, Volume 186, Issue 4, pp 995–1005 | Cite as

Geographical co-occurrence of butterfly species: the importance of niche filtering by host plant species

  • Ryosuke NakadaiEmail author
  • Koya Hashimoto
  • Takaya Iwasaki
  • Yasuhiro Sato
Plant-microbe-animal interactions - original research


The relevance of interspecific resource competition in the context of community assembly by herbivorous insects is a well-known topic in ecology. Most previous studies focused on local species assemblies that shared host plants. Few studies evaluated species pairs within a single taxon when investigating the effects of host plant sharing at the regional scale. Herein, we explore the effect of plant sharing on the geographical co-occurrence patterns of 232 butterflies distributed across the Japanese archipelago; we use two spatial scales (10 × 10 and 1 × 1 km grids) to this end. We considered that we might encounter one of two predictable patterns in terms of the relationship between co-occurrence and host sharing among butterflies. On the one hand, host sharing might promote distributional exclusivity attributable to interspecific resource competition. On the other hand, sharing of host plants may promote co-occurrence attributable to filtering by resource niche. At both grid scales, we found significant negative correlations between host use similarity and distributional exclusivity. Our results support the hypothesis that the butterfly co-occurrence pattern across the Japanese archipelago is better explained by filtering via resource niche rather than interspecific resource competition.


Climatic niche Dispersal ability Herbivorous insect Japanese archipelago Taxonomic relatedness 



We thank K. Kadowaki for his comments and advice on the original version of our manuscript, M. U. Saito for giving us the detail information of collecting datasets of host plants, the Biodiversity Center of Japan for allowing access to butterfly data at the 1-km grid scale, and the associate editor and three reviewers for their comments, which improved our manuscript. We are particularly grateful to the entomologists and naturalists who accumulated the information on butterflies used in this study. This work was supported by a grant from the Grant-in-Aid Program for JSPS Fellows (Grant No. 15J00601).

Author contribution statement

RN and KH conceived and designed the study; KH and RN collected the data from the literature; TI conducted the analysis of ecological niche modeling; YS and RN performed the statistical analyses; and RN, KH, YS, and TI wrote the manuscript.

Compliance with ethical standards

Conflict of interest

The authors declare that they have no conflict of interest.

Supplementary material

442_2018_4062_MOESM1_ESM.docx (84 kb)
Figure S1 Histogram of the number of observed grids for each butterfly species at both 10-km and 1-km grid scales: (a) all targeted butterfly species at the 10-km grid scale, (b) butterfly species at the 10-km grid scale, with an observed grid number less than 50, (c) all targeted butterfly species at the 1-km grid scale, and (d) butterfly species at the 1-km grid scale, with an observed grid number less than 50.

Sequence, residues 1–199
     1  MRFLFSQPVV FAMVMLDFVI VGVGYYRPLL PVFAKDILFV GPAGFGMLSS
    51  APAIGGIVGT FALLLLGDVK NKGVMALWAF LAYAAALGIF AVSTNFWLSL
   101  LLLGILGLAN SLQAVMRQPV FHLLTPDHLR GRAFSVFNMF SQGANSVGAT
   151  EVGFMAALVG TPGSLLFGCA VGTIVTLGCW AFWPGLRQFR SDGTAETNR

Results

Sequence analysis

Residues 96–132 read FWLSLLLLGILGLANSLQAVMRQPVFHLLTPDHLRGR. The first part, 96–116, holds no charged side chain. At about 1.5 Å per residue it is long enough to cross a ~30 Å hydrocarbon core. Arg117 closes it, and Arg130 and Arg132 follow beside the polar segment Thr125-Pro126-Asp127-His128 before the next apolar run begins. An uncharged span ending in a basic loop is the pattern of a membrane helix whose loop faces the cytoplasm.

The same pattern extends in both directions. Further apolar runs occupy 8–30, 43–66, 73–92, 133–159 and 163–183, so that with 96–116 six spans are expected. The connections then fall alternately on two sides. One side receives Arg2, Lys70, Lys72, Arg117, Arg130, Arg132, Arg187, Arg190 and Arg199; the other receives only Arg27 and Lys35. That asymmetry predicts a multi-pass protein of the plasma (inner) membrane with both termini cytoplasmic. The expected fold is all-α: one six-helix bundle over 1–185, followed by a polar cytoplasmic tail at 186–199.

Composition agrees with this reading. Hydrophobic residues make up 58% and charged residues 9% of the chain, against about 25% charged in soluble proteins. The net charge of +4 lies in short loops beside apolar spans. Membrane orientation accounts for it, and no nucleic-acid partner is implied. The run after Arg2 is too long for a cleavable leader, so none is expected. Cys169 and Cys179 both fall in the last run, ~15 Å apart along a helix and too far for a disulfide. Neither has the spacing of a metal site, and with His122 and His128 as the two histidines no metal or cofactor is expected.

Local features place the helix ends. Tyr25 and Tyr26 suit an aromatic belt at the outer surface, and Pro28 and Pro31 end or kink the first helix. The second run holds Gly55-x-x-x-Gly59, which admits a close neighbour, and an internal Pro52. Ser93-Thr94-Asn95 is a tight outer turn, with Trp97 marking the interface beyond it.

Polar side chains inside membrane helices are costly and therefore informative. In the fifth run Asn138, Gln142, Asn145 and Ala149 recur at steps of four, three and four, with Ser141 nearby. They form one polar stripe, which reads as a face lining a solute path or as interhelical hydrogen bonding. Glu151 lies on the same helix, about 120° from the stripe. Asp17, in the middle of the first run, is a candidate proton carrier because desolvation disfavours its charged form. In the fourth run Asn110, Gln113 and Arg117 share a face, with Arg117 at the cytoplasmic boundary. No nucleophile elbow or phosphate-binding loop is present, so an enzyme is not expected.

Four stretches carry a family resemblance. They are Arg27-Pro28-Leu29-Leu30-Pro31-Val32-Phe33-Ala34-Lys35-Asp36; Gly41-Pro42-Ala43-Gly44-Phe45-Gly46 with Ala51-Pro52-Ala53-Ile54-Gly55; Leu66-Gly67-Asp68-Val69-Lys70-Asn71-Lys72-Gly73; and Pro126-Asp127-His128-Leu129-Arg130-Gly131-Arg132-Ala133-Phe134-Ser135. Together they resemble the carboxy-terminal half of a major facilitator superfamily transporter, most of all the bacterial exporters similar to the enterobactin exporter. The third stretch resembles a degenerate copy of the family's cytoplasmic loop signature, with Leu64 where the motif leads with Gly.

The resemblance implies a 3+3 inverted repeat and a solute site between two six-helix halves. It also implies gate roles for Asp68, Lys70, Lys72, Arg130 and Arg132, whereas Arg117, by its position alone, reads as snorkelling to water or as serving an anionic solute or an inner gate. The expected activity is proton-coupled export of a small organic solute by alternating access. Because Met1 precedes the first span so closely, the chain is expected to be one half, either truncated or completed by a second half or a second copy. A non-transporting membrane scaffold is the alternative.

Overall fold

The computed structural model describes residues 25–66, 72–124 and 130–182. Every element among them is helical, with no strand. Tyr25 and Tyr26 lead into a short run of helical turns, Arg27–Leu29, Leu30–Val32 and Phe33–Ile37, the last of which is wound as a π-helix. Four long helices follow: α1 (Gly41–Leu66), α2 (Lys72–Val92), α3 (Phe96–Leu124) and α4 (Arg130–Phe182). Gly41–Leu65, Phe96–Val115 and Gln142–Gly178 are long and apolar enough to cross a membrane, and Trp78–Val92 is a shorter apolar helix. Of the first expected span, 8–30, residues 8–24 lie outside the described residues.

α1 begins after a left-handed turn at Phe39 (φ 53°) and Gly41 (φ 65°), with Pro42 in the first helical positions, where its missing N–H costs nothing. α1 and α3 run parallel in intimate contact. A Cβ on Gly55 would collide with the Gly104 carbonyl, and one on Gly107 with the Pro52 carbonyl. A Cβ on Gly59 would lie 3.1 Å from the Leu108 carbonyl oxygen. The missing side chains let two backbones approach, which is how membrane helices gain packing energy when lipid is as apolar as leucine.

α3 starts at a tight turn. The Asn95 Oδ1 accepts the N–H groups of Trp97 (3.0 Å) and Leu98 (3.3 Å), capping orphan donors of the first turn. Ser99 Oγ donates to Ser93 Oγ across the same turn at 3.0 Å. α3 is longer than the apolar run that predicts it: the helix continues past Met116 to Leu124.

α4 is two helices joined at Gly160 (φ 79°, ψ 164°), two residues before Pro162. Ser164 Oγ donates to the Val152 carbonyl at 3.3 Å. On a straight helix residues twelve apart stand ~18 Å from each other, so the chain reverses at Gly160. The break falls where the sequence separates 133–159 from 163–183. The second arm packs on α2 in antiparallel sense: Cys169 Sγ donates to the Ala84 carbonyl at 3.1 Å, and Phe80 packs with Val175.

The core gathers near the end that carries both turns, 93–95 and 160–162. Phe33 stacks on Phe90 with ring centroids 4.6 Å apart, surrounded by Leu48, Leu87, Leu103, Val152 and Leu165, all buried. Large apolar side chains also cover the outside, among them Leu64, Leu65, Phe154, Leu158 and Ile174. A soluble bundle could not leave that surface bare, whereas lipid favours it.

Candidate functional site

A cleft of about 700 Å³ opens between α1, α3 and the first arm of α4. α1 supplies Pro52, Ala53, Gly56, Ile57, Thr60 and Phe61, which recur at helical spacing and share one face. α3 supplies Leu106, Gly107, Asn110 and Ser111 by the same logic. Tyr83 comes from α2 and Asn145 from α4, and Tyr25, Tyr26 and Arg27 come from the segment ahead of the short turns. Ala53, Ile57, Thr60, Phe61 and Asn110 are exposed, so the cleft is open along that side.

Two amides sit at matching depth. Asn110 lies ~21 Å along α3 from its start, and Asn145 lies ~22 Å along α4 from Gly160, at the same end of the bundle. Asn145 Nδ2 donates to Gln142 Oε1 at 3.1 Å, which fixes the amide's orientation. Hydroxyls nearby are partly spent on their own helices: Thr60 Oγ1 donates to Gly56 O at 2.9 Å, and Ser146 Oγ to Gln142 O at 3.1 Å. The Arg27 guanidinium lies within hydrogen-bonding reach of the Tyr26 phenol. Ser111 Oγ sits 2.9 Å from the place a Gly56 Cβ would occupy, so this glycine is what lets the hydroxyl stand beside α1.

442_2018_4062_MOESM2_ESM.docx (19 kb)
Supplementary File 1 Details of the methods used for ecological niche modeling.
442_2018_4062_MOESM3_ESM.xlsx (148 kb)
Table S1–S6 Table S1. Japanese butterfly species analyzed in this study. Table S2. Summary of the MaxEnt data at the 10-km grid scale. Table S3. Summary of the MaxEnt data at the 1-km grid scale. Table S4. Correlations among host use similarity (Host), taxonomic relatedness (Taxon), climate niche similarity (Climate), and total dispersal ability (Dispersal), at two spatial scales. (a) Summary of Mantel test data on pairwise correlations between the explanatory matrices. (b) Summary of partial Mantel test data on standardized Cstd scores between pairs of butterfly species. The “Taxon-Dispersal” data (b) were obtained using the datasets at either grid mesh scale. Table S5. Results using the datasets that excluded rare species. This table corresponds to Table 2. Table S6. Results using the datasets that excluded rare species. This table corresponds to Table S4. (XLSX 149 kb)


  1. Abramoff MD, Magalhães PJ, Ram SJ (2004) Image processing with ImageJ. Biophot inter 11:36–42Google Scholar
  2. Agrawal AA (1999) Induced responses to herbivory in wild radish: effects on several herbivores and plant fitness. Ecology 80:1713–1723CrossRefGoogle Scholar
  3. Agrawal AA (2000) Specificity of induced resistance in wild radish: causes and consequences for two specialist and two generalist caterpillars. Oikos 89:493–500CrossRefGoogle Scholar
  4. Barraclough TG, Vogler AP, Harvey PH (1998) Revealing the factors that promote speciation. Philos Trans R Soc Lond B Biol Sci 353:241–249CrossRefPubMedCentralGoogle Scholar
  5. Benson WW (1978) Resource partitioning in passion vine butterflies. Evolution 32:493–518CrossRefPubMedGoogle Scholar
  6. Blakley NR, Dingle H (1978) Competition: butterflies eliminate milkweed bugs from a Caribbean Island. Oecologia 37:133–136CrossRefPubMedGoogle Scholar